The ancient form of Chinese medicine called acupuncture uses a variety of techniques including:
- Inserting needles in specific points on the body called acupoints
- Moxibustion, which is the burning of the mugwort herb and allowing the smoke to penetrate the skin at acupoints
- Cupping, which uses the technique of creating suction in a cup and then placing the cup on the patient’s body
Acupuncture is Recognized by Western Medicine as an Alternative Treatment
Acupuncture is classified as a complementary and alternative medicine (CAM) by Western doctors. That means it is used in conjunction with more traditional Western treatments in disease management.
It has been recognized as an effective therapy to aid in the activation of the immune system, and to decrease pain and help control treatment side effects. The Food and Drug Administration (FDA) approved acupuncture needles as a medical device in 1996.
Acupuncture is Becoming Increasingly Used in the Treatment of Cancer Patients
Based on recent research, the most effective use of acupuncture in the treatment of cancer is as a method of alleviating symptoms caused by treatment. In fact, a recent study showed it to be more effective than traditional support care.
In an article titled “Is There a Role for Acupuncture in the Symptom Management of Patients Receiving Palliative Care for Cancer?”, pilot study of 20 patients comparing acupuncture with nurse-led supportive care, published online June 11, 2011 in Acupuncture in Medicine, researchers evaluated 20 cancer patients who were randomly assigned to receive weekly acupuncture or nurse-led supportive care for 4 weeks. The scientists measured the reduction in the level of symptoms through a scoring system known as the Edmonton Symptom Assessment System (ESAS).
They found that total symptom scores were reduced by approximately 22 percent after each acupuncture visit and by 14 percent after each supportive care visit. They also discovered that in the two weeks after the acupuncture/supportive care was completed, the patients that received acupuncture continued to experience less severe symptoms.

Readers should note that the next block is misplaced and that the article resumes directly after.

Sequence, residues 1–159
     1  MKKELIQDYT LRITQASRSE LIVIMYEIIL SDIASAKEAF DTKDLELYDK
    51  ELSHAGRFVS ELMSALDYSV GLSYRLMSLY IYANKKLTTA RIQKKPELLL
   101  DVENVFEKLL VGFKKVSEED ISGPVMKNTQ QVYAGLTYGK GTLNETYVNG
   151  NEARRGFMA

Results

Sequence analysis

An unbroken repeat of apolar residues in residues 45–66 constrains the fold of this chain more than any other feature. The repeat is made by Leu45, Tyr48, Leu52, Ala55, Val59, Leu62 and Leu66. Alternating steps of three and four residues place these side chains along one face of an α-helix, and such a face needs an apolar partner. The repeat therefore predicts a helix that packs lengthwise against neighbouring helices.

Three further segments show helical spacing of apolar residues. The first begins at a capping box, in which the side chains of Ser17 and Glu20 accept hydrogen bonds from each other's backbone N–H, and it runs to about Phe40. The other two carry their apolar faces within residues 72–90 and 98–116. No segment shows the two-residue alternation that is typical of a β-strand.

Pharmacopuncture Studied in Patients with Non-Small Cell Lung Cancer
There is a new needle therapy developed in Korea called pharmacopuncture that combines herbs with acupuncture. The acupuncturist injects a tiny amount of an herbal extract into the treatment area to make the acupuncture needling more effective.
In a study titled Case series of non-small cell lung cancer treated with mountain Ginseng pharmacopuncture, published March 2011 in the Journal of Acupuncture and Meridian Studies, researchers evaluated how the effectiveness of the herb mountain Ginseng is affected by the method that is used to introduce it into the body.
The study group was divided into:
- Two patients who received a daily infusion of 20 milliliters of the herb into their veins
- Two patients who received daily injections of 10 milliliters of the herb on the acupoint LU1
- Two patients who received the herb using both methods
The researchers used CT scans after every 28- day cycle of therapy to evaluate the level of disease in each patient. Here is what they found:
- The patients who received the infusion showed stable disease
- The patients who received the injections showed progressive disease
- The patients who received the herb through both methods showed stable disease during the infusion period and progressive disease during the injection period
The scientists concluded that mountain Ginseng was more effective when given as an infusion rather than as an injection into a single acupoint.